Before you announce you’re leaving tomorrow or at the end of the year you should try to work it out with the director. At my current school a couple that was perpetually unhappy consulted with the director and an agreement was reached by which they left the school on favorable terms and with decent recommendations. Everything is possible and it just depends on what type of person you’re dealing with. You won’t know until you try and just walking out is not the right thing to do.

Where do you go from here? In some instances we have heard of teachers bringing law suits against a particular director. As a United States citizen you can bring a law suit against another American even if the crime against your rights was committed in another country. Of course this is a long process and will not alleviate your present situation. Obviously, if nothing else has helped the situation, you need to think carefully about what you plan to do next. Here are some things to consider:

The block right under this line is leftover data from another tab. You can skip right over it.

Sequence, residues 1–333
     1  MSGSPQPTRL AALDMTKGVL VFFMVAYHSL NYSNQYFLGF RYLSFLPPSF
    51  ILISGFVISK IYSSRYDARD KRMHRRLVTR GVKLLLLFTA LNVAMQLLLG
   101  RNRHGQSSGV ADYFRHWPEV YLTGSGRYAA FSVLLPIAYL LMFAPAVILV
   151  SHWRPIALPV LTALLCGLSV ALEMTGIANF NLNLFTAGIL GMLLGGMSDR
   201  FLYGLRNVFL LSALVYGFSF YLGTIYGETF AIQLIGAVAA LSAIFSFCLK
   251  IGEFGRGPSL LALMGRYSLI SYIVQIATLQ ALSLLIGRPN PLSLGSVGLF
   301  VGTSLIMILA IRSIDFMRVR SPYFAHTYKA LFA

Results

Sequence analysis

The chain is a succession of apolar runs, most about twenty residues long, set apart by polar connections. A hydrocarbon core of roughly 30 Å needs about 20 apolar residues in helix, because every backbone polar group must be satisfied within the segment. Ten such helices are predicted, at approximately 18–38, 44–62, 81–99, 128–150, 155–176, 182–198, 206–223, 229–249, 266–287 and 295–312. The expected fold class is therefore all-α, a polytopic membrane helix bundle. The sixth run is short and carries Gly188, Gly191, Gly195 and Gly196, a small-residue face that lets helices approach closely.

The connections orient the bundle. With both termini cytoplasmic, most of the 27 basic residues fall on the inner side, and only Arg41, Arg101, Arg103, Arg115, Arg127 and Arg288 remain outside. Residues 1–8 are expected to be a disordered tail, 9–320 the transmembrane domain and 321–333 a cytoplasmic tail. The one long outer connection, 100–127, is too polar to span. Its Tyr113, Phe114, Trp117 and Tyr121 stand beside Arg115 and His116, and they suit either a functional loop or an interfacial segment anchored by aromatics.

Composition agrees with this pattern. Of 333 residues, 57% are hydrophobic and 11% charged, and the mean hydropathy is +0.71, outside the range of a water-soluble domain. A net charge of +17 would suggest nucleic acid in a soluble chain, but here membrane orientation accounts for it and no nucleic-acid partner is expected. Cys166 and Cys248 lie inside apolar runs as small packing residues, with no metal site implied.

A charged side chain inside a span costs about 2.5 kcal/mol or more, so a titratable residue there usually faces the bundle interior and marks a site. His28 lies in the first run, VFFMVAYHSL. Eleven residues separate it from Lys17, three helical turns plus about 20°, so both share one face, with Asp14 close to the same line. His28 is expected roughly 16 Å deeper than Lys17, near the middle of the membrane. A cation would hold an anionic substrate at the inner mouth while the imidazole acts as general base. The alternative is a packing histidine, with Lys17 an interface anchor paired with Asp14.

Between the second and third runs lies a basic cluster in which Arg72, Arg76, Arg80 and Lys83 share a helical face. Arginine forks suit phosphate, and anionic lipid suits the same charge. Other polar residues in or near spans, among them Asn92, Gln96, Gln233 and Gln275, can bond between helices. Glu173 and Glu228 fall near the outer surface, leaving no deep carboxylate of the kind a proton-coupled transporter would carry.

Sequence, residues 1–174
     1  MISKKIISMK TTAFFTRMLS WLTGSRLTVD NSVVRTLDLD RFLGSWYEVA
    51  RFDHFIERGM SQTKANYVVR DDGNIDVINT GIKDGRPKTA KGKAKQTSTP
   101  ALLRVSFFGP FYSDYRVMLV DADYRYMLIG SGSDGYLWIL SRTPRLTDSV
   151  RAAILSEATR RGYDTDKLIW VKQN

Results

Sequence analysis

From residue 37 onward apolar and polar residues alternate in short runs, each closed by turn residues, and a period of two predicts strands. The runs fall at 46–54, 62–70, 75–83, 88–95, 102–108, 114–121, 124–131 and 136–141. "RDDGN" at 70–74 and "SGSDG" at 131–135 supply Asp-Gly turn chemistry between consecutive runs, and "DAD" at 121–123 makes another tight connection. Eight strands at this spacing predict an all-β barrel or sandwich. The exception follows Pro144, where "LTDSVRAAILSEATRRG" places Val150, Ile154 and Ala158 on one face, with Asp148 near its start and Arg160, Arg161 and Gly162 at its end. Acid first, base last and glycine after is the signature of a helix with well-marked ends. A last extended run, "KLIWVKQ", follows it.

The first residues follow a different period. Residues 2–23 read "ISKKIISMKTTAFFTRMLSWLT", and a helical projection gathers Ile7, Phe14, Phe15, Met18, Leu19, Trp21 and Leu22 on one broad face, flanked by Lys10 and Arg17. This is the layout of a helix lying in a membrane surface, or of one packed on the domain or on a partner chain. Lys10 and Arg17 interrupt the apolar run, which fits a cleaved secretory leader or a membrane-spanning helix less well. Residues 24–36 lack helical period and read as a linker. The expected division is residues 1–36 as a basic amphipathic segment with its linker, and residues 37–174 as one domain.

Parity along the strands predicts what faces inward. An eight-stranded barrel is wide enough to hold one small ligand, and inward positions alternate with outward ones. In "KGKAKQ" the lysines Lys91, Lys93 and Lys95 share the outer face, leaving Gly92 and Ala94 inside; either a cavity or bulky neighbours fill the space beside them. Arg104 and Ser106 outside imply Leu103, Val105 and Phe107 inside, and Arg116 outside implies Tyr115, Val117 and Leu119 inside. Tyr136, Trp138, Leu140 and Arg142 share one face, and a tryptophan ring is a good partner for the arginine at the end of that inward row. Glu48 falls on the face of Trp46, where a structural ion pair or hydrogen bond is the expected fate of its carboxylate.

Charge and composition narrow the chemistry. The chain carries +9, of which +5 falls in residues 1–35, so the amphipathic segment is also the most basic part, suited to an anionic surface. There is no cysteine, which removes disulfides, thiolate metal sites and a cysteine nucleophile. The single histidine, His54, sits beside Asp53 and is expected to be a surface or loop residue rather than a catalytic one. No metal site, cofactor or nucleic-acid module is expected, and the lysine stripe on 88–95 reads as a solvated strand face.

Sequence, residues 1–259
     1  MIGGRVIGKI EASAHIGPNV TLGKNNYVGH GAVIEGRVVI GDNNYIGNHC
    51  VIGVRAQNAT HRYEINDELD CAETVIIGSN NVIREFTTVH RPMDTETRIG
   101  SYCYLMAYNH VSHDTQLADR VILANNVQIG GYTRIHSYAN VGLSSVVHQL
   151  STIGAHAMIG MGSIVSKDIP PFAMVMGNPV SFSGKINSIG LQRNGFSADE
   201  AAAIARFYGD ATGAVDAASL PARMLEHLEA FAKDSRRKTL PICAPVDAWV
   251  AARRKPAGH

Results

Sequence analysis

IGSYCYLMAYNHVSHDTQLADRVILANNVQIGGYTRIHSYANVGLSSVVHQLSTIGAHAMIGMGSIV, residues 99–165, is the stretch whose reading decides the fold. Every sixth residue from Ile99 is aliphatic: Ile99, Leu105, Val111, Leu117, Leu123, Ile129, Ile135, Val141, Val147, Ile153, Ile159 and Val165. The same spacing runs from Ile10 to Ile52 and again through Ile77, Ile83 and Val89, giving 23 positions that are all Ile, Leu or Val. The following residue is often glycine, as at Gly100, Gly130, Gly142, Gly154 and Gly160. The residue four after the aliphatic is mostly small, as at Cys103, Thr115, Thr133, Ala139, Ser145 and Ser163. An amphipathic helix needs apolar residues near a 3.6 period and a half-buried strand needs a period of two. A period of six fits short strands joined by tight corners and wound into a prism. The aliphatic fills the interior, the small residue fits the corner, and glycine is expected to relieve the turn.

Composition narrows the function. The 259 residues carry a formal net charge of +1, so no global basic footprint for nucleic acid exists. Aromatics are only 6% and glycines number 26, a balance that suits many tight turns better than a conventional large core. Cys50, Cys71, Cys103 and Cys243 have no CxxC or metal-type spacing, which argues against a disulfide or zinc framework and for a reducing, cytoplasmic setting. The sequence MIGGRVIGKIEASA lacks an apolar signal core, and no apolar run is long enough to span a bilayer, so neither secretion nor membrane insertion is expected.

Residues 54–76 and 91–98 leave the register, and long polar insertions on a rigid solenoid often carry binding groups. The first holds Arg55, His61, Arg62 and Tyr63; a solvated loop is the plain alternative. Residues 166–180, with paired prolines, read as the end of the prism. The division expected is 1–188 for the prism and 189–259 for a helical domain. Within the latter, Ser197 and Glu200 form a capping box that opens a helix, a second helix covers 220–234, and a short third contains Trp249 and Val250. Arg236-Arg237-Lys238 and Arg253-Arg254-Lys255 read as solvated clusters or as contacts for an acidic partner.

Reasons to Stay

You are earning good money and hopefully saving some each month. If you go home you may be unemployed and suffer financial difficulty.

You have a great insurance policy at the school. If you leave you’ll be without health insurance or will have to purchase a policy at home. Last time I looked an inadequate policy for two in the States was in the neighborhood of $450 a month.

You like your students and parents and the school community.

You may be blackballed if you leave and your international teaching may come to an abrupt halt.

Things really aren’t as bad as they seem and you may look back on your decision to leave and realize you could/should have stayed.

You like living in the host country.

Reasons to leave

This is a very personal situation. No one is qualified to make that choice except you. We do recommend you think carefully and not act hastily as your decision will have far reaching consequences on you. And then again, it may be the best decision of your life. Only you know for sure.